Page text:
OSHA Rigging Training and Crane Rigging Certification Course Online: Rigger Signalman – Operator
OSHA Rigging Training and Crane Rigging Certification from OSHA.net will ensure that you are fully educated on the needed hand signals as well as know-how to rig up a load with a crane or other heavy machinery.
Rigger Signalman – Operator Safety Course
Signalman are the people on the ground who are communicating with the operators of cranes and other heavy machinery. Because things are already loud, trying to shout commands doesn’t work very well and could lead to a dangerous situation, so a series of hand signals have been developed for clear communication. But even before you start to use those hand signals to move heavy items, you need to rig those items properly so that they don’t tip, fall off, or otherwise hurt people on the job site. That’s where rigging certification training becomes necessary.
Cranes and Rigging
This course is intended for workers who want to learn more about cranes and derricks.
Given OSHA historical events and current information, the student will be able to explain the importance of OSHA in providing a safe and healthful workplace to workers covered by OSHA.
At the end of the course, the student should be able to locate OSHA Standards references applicable to specific hazardous conditions and practices (Introduction to OSHA Standards) and recognize the aspects of 1926 Subpart C (General Safety and Health Provisions).
The student should be able to Implement preventative measures for accidents in their workplace (Subpart D – Occupational health and Environmental Controls) and describe types of personal protective equipment (PPE), and the requirements for use in OSHA standards (Subpart E – Personal Protective Equipment).
The student should understand the requirements for fire protection in the workplace (Subpart F – Fire Protection and Prevention) and identify types of rigging equipment used to protect employees (Subpart H – Rigging; Subpart N – Cranes and Rigging). In addition, they should be able to identify the critical health and safety hazards of welding and cutting in the construction industry (Subpart J – Welding and Cutting).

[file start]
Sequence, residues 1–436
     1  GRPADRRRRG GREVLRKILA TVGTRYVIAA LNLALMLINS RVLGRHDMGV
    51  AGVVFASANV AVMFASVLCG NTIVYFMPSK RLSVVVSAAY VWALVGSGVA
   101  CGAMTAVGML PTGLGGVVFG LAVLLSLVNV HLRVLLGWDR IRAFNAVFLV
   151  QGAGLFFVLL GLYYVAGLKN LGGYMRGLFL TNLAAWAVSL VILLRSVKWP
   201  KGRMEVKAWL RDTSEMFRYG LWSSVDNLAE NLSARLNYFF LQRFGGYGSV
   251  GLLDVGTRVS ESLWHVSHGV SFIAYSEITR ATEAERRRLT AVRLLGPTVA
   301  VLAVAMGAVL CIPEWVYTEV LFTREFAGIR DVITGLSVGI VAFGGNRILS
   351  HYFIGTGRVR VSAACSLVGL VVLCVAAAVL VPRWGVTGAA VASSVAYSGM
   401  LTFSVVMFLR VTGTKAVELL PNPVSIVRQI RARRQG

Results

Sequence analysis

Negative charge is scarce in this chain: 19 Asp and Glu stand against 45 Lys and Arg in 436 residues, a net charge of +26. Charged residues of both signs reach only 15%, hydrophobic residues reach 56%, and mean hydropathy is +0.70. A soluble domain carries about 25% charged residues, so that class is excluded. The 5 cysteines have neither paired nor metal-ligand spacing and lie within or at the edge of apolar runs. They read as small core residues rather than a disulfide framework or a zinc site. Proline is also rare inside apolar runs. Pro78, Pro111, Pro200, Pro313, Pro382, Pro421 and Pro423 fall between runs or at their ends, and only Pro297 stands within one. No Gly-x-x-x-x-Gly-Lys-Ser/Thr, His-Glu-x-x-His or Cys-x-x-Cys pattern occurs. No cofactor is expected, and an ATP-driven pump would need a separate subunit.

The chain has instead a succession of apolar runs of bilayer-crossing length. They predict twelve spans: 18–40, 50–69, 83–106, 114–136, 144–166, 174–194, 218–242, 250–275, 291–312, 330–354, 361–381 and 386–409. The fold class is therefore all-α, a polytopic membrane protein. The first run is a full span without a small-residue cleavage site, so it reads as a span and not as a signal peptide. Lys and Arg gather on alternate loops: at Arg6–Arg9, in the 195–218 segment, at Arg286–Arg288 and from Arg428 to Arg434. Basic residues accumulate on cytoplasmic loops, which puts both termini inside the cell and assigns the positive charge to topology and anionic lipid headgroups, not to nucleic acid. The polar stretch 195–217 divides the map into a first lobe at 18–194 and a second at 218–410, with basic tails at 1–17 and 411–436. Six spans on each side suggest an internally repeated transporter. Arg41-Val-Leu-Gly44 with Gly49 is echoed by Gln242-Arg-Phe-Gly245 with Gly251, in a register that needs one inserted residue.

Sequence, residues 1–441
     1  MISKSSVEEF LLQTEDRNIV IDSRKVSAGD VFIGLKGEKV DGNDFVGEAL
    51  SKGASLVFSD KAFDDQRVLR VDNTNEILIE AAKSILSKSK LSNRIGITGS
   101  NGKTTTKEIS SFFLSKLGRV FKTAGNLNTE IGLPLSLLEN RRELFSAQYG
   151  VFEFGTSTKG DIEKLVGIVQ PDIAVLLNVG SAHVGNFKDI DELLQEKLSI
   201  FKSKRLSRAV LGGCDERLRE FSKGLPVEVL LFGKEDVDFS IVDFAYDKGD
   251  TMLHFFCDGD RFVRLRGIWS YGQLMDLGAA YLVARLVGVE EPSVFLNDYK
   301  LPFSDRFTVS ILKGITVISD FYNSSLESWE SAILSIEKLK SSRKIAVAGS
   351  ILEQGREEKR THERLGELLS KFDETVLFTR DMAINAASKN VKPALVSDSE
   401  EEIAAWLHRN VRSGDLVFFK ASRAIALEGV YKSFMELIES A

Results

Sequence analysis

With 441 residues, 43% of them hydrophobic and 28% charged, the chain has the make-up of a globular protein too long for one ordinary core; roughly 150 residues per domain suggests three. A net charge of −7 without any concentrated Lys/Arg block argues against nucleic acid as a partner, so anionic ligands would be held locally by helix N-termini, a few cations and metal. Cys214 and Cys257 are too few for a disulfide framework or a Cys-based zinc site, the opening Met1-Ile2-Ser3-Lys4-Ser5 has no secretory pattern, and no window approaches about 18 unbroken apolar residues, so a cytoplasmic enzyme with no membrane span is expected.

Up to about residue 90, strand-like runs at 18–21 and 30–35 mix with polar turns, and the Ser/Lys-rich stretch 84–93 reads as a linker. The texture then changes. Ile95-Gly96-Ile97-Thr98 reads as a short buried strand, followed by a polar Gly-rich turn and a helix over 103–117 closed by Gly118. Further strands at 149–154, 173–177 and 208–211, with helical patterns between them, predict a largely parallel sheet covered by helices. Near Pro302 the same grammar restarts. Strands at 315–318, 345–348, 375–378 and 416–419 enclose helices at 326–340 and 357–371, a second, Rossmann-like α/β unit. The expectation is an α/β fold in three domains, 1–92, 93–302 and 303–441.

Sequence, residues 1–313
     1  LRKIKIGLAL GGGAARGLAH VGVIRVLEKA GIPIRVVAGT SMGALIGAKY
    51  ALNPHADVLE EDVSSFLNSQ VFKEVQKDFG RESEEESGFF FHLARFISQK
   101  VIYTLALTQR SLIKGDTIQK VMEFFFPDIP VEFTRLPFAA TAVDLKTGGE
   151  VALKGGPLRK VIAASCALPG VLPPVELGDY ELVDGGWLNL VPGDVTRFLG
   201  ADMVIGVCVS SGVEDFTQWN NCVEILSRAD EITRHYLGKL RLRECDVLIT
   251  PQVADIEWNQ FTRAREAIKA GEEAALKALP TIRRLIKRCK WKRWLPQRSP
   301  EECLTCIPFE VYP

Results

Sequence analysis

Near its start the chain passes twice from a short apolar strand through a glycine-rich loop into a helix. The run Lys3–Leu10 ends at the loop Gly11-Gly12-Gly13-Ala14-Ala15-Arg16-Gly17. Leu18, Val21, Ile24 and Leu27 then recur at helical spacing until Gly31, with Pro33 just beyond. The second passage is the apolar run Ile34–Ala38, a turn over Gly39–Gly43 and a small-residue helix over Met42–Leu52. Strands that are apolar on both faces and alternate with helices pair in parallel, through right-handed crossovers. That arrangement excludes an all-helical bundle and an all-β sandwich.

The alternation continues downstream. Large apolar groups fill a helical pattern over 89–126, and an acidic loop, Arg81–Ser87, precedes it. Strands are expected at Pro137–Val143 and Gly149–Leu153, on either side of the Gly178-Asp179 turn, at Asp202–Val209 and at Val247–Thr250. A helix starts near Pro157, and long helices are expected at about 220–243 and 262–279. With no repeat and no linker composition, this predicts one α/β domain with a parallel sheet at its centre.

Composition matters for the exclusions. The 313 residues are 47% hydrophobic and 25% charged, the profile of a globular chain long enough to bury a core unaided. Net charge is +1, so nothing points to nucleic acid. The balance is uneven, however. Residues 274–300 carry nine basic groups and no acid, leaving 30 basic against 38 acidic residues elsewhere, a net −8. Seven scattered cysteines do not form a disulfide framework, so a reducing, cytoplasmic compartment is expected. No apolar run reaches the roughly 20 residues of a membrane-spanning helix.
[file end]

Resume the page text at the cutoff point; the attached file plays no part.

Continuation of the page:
The student should understand how to implement measures for protecting workers and equipment from dangerous falls (Subpart M – Fall Protection) as well as recognize the hazards associated with working in or around excavation sites (Subpart P – Excavations). Also covered is the ability to understand the safety requirements necessary to protect workers around concrete and masonry jobs (Subpart Q – Concrete and Masonry) and identify the precautions and hazards to protect workers using explosives or blasting agents (Subpart T – Demolition).
Finally, the student will discover how to protect workers who perform jobs on or around stairways or ladders at worksites (Subpart X – Stairways and Ladders) and be able to list and describe the hazards and prevalence of confined spaces. The course also covers how to identify common electrical hazards and related OSHA standards (Subpart K – Electrical Standards) as well as the ability to understand the importance of scaffolding for workers in elevated workplaces (Subpart L – Scaffolding)
Learn more about how to become a qualified rigger, OSHA Pros answers some commonly asked questions.